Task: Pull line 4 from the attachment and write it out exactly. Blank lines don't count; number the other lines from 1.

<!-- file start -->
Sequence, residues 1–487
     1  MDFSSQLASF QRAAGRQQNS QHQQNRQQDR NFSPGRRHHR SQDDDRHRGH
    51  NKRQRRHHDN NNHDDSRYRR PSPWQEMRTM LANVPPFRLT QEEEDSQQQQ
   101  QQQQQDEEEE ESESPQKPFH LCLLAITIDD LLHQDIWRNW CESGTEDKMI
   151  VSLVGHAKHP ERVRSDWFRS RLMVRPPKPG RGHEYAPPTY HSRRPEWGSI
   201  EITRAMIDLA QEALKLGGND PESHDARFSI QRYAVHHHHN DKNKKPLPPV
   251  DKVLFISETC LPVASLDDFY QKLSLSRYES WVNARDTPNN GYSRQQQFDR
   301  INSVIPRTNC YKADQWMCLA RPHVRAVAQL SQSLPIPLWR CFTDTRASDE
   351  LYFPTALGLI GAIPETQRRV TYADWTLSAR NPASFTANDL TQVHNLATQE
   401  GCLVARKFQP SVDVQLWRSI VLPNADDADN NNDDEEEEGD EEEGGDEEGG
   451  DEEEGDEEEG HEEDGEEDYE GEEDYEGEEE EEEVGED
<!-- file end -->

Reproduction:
   101  QQQQQDEEEE ESESPQKPFH LCLLAITIDD LLHQDIWRNW CESGTEDKMI